This is hardly surprising. Of all the unions in the U.S., the SEIU is most notable for its close ties to the Democrats, practically acting as the labor auxiliary of that capitalist party. (1199 SEIU was the main union backing de Blasio before he won the Democratic primary.) And groups like New York Communities for Change (NYCC, formerly ACORN) and Make the Road are essentially fronts for the Democratic Party. But what exactly do they want the Democrats to do? That’s not entirely clear at this point, perhaps even to the SEIU tops led by Mary Kay Henry. It will doubtless include legal challenges to franchise operations, local minimum wage ordinances, promoting “worker centers,” and eventually (they hope) signing up lots of dues-paying members.

That the union bureaucracy is making a serious push is clear. A recent article (“Fight for 15 Confidential,” In These Times, 11 November) by Arun Gupta based on interviews with a number of low-wage organizers and reviewing “hundreds of pages of internal documents from the campaign,” reports that the SEIU poured some $3 million into the coffers of Action Now in Chicago (another former ACORN affiliate), as well as $2.5 million to NYCC in New York and millions more to public relations firms including Purpose, M+R Strategic Services and BerlinRosen for help with “branding,” a social media campaign and communications strategies. If this sounds like some corporate operation, that’s no accident: that’s how SEIU operates.

For now, what the SEIU tops are after is grabbing market share so that they dominate the low-wage organizing field. In the past their typical strategy has been to pressure employers to agree to “neutrality pacts” to let the union sign up members, and then to negotiate contracts with few benefits and (of course) an iron-clad no-strike clause. In the case of fast-food workers, they have preferred to work through NGOs and worker centers rather than unions, arguing (as do various would-be leftists) that this is a way of getting around the spider’s web of anti-labor laws. But once they have a dues base solidified, they will submit to those very laws which the bureaucrats hide behind in order to stave off membership demands for militant action.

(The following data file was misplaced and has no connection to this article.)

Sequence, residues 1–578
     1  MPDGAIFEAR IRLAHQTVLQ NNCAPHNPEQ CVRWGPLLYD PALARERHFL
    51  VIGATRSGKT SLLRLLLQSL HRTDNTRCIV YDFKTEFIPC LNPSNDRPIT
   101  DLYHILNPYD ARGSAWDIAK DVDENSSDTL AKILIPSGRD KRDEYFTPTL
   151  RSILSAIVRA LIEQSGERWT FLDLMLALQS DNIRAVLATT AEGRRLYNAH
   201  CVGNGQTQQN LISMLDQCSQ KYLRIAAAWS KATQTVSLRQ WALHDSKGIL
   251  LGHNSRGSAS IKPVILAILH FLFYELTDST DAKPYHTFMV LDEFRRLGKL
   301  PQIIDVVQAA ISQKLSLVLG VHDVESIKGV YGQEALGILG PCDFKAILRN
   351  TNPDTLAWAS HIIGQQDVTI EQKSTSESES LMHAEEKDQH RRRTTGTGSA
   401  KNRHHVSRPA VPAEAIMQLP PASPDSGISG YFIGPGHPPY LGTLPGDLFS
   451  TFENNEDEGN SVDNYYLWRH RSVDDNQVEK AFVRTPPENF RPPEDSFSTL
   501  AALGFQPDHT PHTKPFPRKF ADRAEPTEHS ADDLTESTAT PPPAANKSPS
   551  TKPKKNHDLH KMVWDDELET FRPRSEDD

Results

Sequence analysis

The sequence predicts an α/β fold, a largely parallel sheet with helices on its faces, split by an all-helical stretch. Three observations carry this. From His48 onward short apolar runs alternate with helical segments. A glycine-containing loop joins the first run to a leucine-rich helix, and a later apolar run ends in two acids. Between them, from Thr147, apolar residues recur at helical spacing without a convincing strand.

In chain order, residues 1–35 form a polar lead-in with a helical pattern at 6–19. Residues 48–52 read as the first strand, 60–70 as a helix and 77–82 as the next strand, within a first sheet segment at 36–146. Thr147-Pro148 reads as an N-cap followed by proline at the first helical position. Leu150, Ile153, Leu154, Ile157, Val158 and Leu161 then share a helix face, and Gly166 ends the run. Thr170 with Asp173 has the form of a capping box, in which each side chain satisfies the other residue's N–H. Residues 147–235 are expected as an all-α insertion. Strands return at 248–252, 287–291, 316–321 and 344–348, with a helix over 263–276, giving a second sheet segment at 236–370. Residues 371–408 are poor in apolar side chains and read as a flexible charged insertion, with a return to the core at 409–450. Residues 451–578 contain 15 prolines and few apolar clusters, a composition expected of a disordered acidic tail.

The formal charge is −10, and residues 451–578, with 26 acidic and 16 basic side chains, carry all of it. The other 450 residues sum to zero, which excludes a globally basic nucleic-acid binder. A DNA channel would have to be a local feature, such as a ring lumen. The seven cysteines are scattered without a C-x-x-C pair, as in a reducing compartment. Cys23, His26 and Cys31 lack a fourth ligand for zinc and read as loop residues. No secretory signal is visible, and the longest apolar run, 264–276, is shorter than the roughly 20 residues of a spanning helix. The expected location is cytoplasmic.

It’s a whole bureaucratic operation. Gupta’s article quotes a number of low-wage organizers detailing how “At the shop level we control the messaging, we control the tactics, we decide what we want to organize around, we motivate the strikers…. If it’s been decided at some level that there will be an action on a given day, then it’s going to happen. It’s just a question of going through the motions of getting people to come to the decisions that they want them to.” A call for a national “strike” on August 29 was launched at a mid-August convention in Detroit of 700 workers, organizers and staff where they held a stage-managed vote with little or no prior discussion before the event. Workers democracy it ain’t.